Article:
Posted by: Loren Coleman on January 20th, 2008
In 1934, Hermann Goering, then head of the Reich Forestry Office, gave permission for the release of a pair of common American raccoons (Procyon lotor) into the German wilderness to enrich the fauna. It has resulted in today’s furry blitzkrieg.
Due to the recent discussions here of raccoons in the Yucatan and escaped pet raccoons taking over Japan, I share revelant historical and contemporary highlights from a Deutsche Welle article about “Nazi” raccoons.
The link to the complete news item is at the end of this detailed overview of this alien invasion.
They’re actually American but feel right at home in Kassel, Germany, which has become the European raccoon capital since the animals were introduced here under the Third Reich.
The story begins in 1934, when a breeder asked the Reich Forestry Office, then led by future top Hitler aide Hermann Göring, for permission to release the masked-faced mammals to “enrich the local fauna” outside Kassel, a small city north of Frankfurt.
“Raccoon pelts were a popular trophy for hunters back then,” biologist Ulf Hohmann said. “They were also raised for their fur at special farms” after they were imported from North America early last century.
Seventy years on, the furry critters are now as populous in some areas of Germany as in the major urban centers of North America — a whopping one per hectare (2.5 acres), Hohmann said.
A raccoon’s urban paradise
Somewhere between 100,000 and one million raccoons are estimated to live in Germany, making them prime targets for hunters. Some 20,000 were shot during the last season, according to official statistics. But unfortunately for the denizens of a growing number of European capitals, they like cities.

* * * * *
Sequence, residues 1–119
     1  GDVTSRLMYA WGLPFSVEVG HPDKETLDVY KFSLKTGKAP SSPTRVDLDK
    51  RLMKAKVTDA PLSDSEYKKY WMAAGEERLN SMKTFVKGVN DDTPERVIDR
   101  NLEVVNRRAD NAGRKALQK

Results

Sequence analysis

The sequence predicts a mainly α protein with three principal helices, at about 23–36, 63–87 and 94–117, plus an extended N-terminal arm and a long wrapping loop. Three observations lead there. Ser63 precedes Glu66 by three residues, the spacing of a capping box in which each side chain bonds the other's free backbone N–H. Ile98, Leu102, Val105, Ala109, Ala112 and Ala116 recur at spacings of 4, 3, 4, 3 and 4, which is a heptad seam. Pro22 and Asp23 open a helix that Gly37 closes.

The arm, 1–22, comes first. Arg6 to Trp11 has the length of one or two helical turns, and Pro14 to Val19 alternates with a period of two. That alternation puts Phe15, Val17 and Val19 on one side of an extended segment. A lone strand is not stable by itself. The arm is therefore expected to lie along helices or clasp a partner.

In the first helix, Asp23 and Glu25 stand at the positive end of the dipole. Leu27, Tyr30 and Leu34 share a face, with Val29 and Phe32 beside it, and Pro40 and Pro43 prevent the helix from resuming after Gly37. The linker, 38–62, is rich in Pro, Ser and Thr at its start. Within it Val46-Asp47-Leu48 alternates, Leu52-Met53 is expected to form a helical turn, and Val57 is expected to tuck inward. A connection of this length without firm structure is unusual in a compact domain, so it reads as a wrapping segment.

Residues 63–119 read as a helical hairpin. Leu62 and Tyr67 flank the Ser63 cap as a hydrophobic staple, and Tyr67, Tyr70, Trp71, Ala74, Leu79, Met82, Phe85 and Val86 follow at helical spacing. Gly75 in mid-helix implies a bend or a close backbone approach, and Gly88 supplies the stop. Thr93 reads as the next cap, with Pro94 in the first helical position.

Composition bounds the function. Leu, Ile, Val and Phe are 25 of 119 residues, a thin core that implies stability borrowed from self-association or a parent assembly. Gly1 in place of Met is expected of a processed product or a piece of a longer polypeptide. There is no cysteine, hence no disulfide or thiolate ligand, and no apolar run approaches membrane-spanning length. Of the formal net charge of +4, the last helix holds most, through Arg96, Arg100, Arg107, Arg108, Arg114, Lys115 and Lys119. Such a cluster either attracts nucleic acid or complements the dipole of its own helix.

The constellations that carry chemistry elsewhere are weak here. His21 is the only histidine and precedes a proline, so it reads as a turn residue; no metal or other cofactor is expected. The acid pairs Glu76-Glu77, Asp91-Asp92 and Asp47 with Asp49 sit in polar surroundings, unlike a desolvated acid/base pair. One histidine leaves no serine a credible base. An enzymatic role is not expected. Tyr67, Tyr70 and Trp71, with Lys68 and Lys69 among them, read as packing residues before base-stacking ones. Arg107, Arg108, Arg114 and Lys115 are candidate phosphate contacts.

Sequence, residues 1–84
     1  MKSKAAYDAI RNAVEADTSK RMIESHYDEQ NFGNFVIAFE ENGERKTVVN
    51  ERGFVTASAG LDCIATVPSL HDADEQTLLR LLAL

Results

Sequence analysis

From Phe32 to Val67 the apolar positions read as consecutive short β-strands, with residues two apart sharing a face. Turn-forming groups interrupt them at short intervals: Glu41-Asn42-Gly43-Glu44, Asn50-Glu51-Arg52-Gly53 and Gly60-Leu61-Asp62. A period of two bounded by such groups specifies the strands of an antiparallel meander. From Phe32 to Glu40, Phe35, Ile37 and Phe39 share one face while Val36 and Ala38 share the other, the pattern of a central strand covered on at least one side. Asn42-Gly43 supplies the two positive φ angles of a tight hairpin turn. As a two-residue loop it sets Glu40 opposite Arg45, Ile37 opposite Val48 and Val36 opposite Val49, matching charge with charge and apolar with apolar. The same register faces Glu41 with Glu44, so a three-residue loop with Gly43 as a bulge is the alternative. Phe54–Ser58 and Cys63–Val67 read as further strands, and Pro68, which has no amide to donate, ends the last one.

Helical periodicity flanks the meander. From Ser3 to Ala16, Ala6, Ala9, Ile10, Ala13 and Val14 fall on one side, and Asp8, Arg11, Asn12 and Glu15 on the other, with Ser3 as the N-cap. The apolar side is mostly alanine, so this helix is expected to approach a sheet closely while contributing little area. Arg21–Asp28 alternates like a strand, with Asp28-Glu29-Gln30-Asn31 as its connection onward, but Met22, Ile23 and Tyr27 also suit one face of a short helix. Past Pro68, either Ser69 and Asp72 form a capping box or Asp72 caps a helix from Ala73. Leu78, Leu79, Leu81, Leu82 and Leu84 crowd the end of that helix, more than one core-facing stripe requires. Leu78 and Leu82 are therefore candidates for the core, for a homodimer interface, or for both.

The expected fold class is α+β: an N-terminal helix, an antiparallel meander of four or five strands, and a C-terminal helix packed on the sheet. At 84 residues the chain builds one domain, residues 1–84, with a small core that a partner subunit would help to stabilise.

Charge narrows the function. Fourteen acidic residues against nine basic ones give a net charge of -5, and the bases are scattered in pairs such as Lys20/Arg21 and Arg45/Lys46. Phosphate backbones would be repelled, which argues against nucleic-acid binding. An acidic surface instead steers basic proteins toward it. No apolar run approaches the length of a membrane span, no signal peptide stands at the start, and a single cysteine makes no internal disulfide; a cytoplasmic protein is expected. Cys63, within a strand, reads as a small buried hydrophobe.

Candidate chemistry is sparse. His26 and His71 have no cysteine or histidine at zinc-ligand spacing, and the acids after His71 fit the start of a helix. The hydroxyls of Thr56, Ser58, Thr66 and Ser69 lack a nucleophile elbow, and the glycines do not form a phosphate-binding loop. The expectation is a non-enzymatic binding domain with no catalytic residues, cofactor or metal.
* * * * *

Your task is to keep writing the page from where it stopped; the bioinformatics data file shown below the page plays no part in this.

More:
Hundreds of thousands have fanned out to Belgium, Luxembourg, the Czech Republic and France. The news caught the ire of Britain’s Sun tabloid, which warned its readers that “Nazi raccoons” were “just across the Channel” and “on the warpath … in a furry blitzkrieg”.
Since their introduction during the Third Reich, raccoons can trace their gradual conquest of Europe back to two other moments in history.
As Allied bombs rained over Berlin at the end of World War II, one struck a fur breeding farm, giving the raccoons there the opportunity to escape into the wild. They never looked back. And in the 1960s, NATO soldiers freed the raccoons they used as mascots after leaving their base in France, setting off a baby boom.
Hohmann says that in the coming years, raccoons are expected to spread to even more European cities.
“Kassel is just the beginning,” he said.
Source: “Nazi Raccoons on the March in Europe,” Deutsche Welle, September 11, 2004.
Also see an update: “From Nazi Past, a Proliferating Pest,” Washington Post, May 25, 2007.
Loren Coleman is one of the world’s leading cryptozoologists, some say “the” leading living cryptozoologist. Certainly, he is acknowledged as the current living American researcher and writer who has most popularized cryptozoology in the late 20th and early 21st centuries. Starting his fieldwork and investigations in 1960, after traveling and trekking extensively in pursuit of cryptozoological mysteries, Coleman began writing to share his experiences in 1969. An honorary member of Ivan T. Sanderson’s Society for the Investigation of the Unexplained in the 1970s, Coleman has been bestowed with similar honorary memberships of the North Idaho College Cryptozoology Club in 1983, and in subsequent years, that of the British Columbia Scientific Cryptozoology Club, CryptoSafari International, and other international organizations. He was also a Life Member and Benefactor of the International Society of Cryptozoology (now-defunct). Loren Coleman’s daily blog, as a member of the Cryptomundo Team, served as an ongoing avenue of communication for the ever-growing body of cryptozoo news from 2005 through 2013. He returned as an infrequent contributor beginning Halloween week of 2015. Coleman is the founder in 2003, and current director of the International Cryptozoology Museum in Portland, Maine.